Whilst the past two mentioned cases are equally outrageous, the argument that one can justly reclaim property or land that was lost in the past it poses an undesirable consequence regarding the peace process. It is essentially the claim and right that we must give up in order to achieve a two-state solution. By legitimizing the Jewish right to reclaim lost or stolen property on the West bank, we are also legitimizing the Palestinian right of return to Israel proper, which Israel rejects. Where Palestinian villages within Israel’s pre-1967 borders were vacated for various reasons, were either completely destroyed and rebuilt and then repopulated by Israeli Jews, or Jews just moved into the ‘abandoned’ Arab homes. Village names were wiped off of the Israeli map by renaming them with Hebrew names.
Most of the Palestinian Arab exodus from Israel in 1948 was sparked by the news spread of an Israeli massacre in the Arab village of Deir Yassin; killing 600 inhabitants carried out by the Irgun and Lehi forces. Arab leaders thought that by spreading the news that it would create anger and inspire Arabs to fight for revenge, the Irgun and Lehi did not deny having carried out what were devastating rumours of murder in cold blood, rape and other atrocities, for the fear that the rumour would incite backfired on the Palestinian leadership and its effort to inspire a thirst for revenge. The opposite occurred, it created fear and then many fled their homes not wanting what they heard had happened in Deir Yassin to happen to them. Irgun leaders later denied that a massacre had taken place at all but claim that the belief that it did served their purpose at the time when engaged in psychological warfare.
Palestinian Arabs have long claimed that as part of the peace process that they demand what they call ‘a right of return,’ many still hold the keys to their houses in places such as Acco, Haifa, Jaffa and many other places that are now mostly populated by Jews. Many of their homes they have the keys for do not exist anymore.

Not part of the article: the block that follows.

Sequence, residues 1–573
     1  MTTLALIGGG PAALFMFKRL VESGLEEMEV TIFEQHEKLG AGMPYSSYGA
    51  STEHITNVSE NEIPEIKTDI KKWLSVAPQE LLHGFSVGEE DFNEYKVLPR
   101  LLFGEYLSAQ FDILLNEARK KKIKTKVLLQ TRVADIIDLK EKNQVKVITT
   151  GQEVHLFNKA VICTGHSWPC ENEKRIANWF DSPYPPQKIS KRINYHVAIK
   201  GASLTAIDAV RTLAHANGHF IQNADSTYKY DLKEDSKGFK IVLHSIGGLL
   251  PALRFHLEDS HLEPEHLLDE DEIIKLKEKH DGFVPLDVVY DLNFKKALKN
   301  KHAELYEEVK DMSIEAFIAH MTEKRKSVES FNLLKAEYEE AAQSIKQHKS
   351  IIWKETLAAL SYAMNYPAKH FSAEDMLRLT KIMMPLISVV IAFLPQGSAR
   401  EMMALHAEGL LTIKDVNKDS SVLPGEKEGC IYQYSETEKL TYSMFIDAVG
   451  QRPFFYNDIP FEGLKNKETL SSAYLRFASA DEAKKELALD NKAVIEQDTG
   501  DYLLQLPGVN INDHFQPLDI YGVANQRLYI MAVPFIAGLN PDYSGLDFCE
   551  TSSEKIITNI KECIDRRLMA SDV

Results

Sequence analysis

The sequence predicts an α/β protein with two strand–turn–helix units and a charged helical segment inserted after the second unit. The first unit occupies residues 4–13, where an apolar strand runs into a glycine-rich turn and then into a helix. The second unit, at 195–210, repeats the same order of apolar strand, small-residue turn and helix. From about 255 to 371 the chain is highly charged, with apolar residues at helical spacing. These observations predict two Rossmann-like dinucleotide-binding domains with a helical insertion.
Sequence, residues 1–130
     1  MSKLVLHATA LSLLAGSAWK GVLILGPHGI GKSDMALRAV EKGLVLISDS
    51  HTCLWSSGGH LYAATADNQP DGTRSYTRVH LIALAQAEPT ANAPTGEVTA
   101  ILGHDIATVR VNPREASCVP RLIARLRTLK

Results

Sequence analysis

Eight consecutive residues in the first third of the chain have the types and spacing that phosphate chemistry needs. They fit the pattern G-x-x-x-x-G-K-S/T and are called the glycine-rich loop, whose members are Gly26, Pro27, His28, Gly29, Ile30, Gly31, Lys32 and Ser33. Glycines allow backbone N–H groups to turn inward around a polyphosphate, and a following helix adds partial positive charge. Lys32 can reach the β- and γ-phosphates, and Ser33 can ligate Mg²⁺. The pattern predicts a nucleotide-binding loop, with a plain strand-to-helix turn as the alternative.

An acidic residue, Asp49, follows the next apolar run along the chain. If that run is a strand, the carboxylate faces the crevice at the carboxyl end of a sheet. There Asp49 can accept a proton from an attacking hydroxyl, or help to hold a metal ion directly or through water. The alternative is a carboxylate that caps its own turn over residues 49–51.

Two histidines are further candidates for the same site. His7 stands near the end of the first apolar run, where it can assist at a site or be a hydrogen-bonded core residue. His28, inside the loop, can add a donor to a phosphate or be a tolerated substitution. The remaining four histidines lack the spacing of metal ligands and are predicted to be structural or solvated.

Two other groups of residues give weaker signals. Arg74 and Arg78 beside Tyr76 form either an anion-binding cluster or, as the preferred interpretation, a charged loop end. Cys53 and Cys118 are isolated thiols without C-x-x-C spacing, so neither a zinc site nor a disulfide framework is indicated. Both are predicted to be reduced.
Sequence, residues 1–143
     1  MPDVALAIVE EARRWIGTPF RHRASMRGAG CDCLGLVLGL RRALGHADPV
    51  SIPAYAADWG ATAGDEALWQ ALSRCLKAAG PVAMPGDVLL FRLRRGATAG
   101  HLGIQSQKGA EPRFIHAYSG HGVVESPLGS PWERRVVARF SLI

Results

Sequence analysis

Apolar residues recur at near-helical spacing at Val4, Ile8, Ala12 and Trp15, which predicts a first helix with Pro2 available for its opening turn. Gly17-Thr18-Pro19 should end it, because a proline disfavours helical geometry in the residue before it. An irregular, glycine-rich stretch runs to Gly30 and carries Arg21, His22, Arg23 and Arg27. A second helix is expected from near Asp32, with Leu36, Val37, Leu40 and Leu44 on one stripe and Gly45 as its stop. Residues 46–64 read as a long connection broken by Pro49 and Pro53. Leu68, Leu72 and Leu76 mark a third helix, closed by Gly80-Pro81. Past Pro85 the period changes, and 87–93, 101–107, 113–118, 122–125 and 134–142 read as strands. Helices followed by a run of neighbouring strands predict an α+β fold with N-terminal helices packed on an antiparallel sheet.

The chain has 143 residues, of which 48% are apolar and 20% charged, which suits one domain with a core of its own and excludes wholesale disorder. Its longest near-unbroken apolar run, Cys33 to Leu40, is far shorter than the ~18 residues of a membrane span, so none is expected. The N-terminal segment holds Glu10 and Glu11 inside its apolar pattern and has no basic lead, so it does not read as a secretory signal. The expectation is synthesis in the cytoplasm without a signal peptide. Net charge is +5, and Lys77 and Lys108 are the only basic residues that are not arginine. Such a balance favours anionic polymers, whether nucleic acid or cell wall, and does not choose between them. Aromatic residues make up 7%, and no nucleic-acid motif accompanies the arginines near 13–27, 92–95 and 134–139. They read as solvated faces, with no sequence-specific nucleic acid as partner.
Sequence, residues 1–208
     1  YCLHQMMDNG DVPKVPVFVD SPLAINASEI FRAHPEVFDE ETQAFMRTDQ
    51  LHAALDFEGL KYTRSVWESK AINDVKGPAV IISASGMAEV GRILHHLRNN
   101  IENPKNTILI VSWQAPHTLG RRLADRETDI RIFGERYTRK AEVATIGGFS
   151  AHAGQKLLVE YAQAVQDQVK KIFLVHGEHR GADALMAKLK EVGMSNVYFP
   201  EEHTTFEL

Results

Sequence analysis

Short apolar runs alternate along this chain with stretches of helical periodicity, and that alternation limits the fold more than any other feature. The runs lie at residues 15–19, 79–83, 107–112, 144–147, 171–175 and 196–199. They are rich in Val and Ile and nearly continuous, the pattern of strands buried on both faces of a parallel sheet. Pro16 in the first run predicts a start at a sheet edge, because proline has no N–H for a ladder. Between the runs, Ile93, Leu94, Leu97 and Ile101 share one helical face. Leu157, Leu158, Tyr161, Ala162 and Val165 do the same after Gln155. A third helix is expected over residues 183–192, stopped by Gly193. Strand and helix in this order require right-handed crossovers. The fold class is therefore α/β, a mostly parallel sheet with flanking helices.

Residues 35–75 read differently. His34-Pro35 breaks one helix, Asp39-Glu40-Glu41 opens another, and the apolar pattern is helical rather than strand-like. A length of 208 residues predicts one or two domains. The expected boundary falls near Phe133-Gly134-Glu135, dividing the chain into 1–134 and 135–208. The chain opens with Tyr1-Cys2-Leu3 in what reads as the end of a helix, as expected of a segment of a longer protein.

Israel if it continues to grant legitimacy to Jews reclaiming their property in East Jerusalem or the West bank, whilst they may be justified in doing so, it is only justified if Palestinian Arabs can do the same for property that they have lost, and will run the risk of undermining the very existence of a Jewish state at all. Justice for displacement and loss of property within the confines of a two-state solution can only be sought through granting of compensation.
Germany for example pays reparations to Jews and Israel for the crimes of Nazi Germany. What would happen if every wrong were righted through reclaiming property? All Holocaust survivors or those who fled and their descendants would move back to Europe to reclaim their property and resume residing where they once lived, as well as all the Arab states would allow back all of the Jews who left in the 1950’s many of whom emigrated to Israel. Jews would be able to move back to the West bank if they resided there in the past and Arabs would be allowed to move back into Israel’s pre 1967 borders. In short it is an argument that will lead the way to the destruction of any viable Jewish state at all.
Law professor Alan Dershowitz once said that we need a pragmatic solution to the Israeli-Palestinian conflict that will involve each side having to make painful compromises and giving up certain rights. This is one of those rights, when one advocates the right of Jews to reclaim lost property in East Jerusalem or any other part of the West bank, they must be aware that by doing so they are justifying the Palestinian right of return as well. If they reject that they are making such a claim they are either imposing a double standard in favour of Jews, or holding that Jews are entitled to the whole land, and that supersedes Palestinian claims or rights, and therefore not interested in a two-state solution.
Those of us who are pragmatists and wish to see Israel at peace as a Jewish and democratic state have to realise the ramifications and consequences of pursuing the right to reclaim property in the West bank. This is a painful compromise for many I admit, as Jews do have many connections to this land and places within it, but the price that we have to pay for keeping it will mean either the end of a Jewish State or the end of Israeli democracy, and have to live with the fact that the Jewish State will only be capable of remaining the State of the Jewish people by further violating the rights and claims of the Palestinians.